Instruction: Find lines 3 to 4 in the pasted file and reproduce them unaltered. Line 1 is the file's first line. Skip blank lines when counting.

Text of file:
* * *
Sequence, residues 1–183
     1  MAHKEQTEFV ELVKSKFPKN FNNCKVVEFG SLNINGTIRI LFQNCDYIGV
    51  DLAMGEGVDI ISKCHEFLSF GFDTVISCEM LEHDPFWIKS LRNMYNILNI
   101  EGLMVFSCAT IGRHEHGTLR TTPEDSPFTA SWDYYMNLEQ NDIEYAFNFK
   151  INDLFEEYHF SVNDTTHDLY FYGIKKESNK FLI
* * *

    51  DLAMGEGVDI ISKCHEFLSF GFDTVISCEM LEHDPFWIKS LRNMYNILNI
   101  EGLMVFSCAT IGRHEHGTLR TTPEDSPFTA SWDYYMNLEQ NDIEYAFNFK